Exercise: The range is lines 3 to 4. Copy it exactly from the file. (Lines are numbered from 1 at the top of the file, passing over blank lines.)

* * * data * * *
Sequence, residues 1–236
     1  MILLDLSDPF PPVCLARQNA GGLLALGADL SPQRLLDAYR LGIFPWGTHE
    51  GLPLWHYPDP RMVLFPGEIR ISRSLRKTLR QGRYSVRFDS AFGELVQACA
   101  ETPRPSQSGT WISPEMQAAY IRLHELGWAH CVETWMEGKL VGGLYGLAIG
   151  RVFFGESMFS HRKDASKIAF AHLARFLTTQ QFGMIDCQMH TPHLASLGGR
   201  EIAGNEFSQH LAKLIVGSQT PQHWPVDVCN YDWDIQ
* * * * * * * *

    51  GLPLWHYPDP RMVLFPGEIR ISRSLRKTLR QGRYSVRFDS AFGELVQACA
   101  ETPRPSQSGT WISPEMQAAY IRLHELGWAH CVETWMEGKL VGGLYGLAIG